So my answer to the what is wrong with America question?
Too much packaging
Too little choice
Too many boxes
Too many instructions
Too little creative problem solving
Too few play dates


Aunty Belle said...


I jes wish I could been thar' to see this transformation. Send pictures of the construction.

Youse a good mentor fer a chile, Fishy. Good job of work ya done.

Jenny said...

Amazing. I love this post and love your Blowfish for buying you the legos and love that you opened them up and look what you got!

Impressive. Have a great weekend.

fishy said...

Aunty Belle,
Thanky for those kind words. Seems to me those who stray too far from the heart of a child are the ones that want to curtail everbody else.

Belle are you what you wanted to be when you grow up?

Blowfish did good! It only took him once or twice coming home with a vacuum or a toaster to understand those were fine tools for domestic needs but sure were not well received in the heart of this child! Tell you the truth, he was as excited about the results of the play date as my ... date.

So I'll ask you as well, are you what you wanted to be when you grow up?

h said...

If you give me the rights to this post, I will get it published after editing.

fishy said...


chickory said...

all of the above. creative problem solving will be our salvation - in ways the government couldnt possibly do. exactly the problem too much pre-fab thinking done for you and not enough shaggin' your own trail. (of course thats the NMO's design - learned helplessness)

fishy you could start a school. i bet it would work as well as sylvan which i really teaching how to take the SAT.

a great read. have a good sunday!

fishy said...

Chickory! what a fun idea....I guess I do get to be the Lego Master if I open my own school!

It is a terrible equation, when you steal childhood you also steal the future.

Jenny said...

Fishy - when I was young I was making things to sell. I went door to door selling blueberries and then I would go pick them and deliver at a slight markup. At the age of 9, I had too much competition with all of the Lemonade Stands so I created a Lemonade Machine from a large regrig. box. NO JOKE. I was destined to own a small company.

fishy said...

Hey Boxer,
Nice to see you out and about! I love your "can-do" spirit which is the very foundation of our great nation. I bet , if plastics wanes in the economic cauldron, you can create a clever and creative enterprise for yourself.

My guess? I think individual people as businesses will follow the protocol of bigger business. IE: if "Studio Cards" has a kiosk in the Whole Foods Market...then currently the "Studio Cards" people pay for the one square foot as a monthly lease, provide the rotating kiosk and keep the inventory stocked. Whole Foods gets a portion of the sale for providing space,lights, electricity and most importantly TRAFFIC!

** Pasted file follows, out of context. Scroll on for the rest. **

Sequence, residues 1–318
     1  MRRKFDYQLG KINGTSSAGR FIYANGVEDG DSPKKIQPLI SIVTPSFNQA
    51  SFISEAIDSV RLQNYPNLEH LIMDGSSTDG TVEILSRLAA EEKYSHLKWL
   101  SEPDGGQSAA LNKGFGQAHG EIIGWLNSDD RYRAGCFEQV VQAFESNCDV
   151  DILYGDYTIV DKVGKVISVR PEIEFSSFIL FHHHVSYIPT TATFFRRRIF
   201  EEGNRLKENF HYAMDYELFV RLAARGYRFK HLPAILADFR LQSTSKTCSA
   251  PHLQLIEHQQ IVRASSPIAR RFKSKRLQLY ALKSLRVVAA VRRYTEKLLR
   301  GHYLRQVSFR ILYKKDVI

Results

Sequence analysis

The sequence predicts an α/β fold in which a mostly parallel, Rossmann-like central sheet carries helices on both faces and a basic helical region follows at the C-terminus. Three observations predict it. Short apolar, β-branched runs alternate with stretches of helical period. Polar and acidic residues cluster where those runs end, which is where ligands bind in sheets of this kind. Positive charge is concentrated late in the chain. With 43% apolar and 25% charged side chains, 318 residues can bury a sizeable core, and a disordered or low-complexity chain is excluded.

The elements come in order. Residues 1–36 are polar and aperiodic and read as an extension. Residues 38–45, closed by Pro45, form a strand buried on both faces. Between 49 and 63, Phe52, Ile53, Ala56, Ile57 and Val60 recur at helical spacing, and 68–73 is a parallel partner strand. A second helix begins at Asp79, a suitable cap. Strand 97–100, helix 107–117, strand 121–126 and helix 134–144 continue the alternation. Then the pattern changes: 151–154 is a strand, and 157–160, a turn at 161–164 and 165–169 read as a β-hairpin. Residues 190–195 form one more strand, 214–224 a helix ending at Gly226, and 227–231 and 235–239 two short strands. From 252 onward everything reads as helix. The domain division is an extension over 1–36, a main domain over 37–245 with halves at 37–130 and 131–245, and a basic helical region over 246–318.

Can't you just see someone like you taking photos of your miniature rooms and developing them into a series of cards for boxers, or dog lovers or minature lovers? Have you visited our blogger friend K9's etsy sight...I bet those hen cards of hers or seasonal ornaments could be showcased in kiosks and she would have to work hard to keep 'em supplied.
Or her birds.....they could go in every Birds Unlimited franchise in America!
It will be interesting to see how the American spirit reveals itself in the coming years. If we return to a more honest system with a corresponding respect for individual pursuits, I will be one happy fishy. If only I did something kiosk worthy ... how did that lemonade machine work?

Jenny said...

What a lovely comment, thanks. I actually own part of my little plastic company - I get to design/create things to sell... not as interesting as true art, but it pays the bills and allows me to have office dogs. :-)

That lemonade machine had me inside, pouring the cups of lemonade and then handing it out through a small door. AHAHAHA. The flavors were on little buttons and if pushed, I could see from the inside of the box.

Karen said...

Dearest Fishy

I read this story the other day and meant to come back and comment. We are having computer issues in my house at the moment so my turn on the computer is extremely limited.

What a lovely story this was. It turns out the play date was so much more than that for you and your date. Truly inspirational Fishy and you are a truly beautiful person.

moi said...

Great post! And I had to laugh at Boxer's comment about going door to door as a youngster, selling things. I did that, too! My brother drew pictures, I went around the neighborhood, trying to get people to buy them. I was always looking for a way to make a buck.

I love your question: are you what you wanted to grow up to be. Specifically? No. Because what I wanted to be was always changing and I think few of us are lucky enough to acquire the calm and focus to go after what we want (much less know what that IS) when we're in our twenties, even our thirties. But in a broader sense, yes. As a writer, I get to experience many things, investigate many curiosities, and wear many different identities. It's a professional that keeps you on your toes, too.

fishy said...

I think being a writer, like being an artist, takes great courage. Bravo for choosing a path which has stood the tests of time.
In my case, in my youth I thought what I really wanted to do was write and illustrate children's books. I abandoned that pursuit because I did not believe I could produce the art I saw in my head.
So by late teens to early twenties I had redirected and really DID want to be an interior designer...a profession which I continue to enjoy immensely.
I find though, that the deep hankering to write and illustrate children's books is still with me. One day I might write one, or some, of the books I want to get out of my head and on to paper. If I can't do the illustrations...well... there are a lot of really good illustrators out there who produce work I seriously enjoy. So day. If not, I might borrow the lemonade machine from Boxer.

Jenny said...


I bet you're a fabulous Interior designer and don't give up on the book idea. Ever.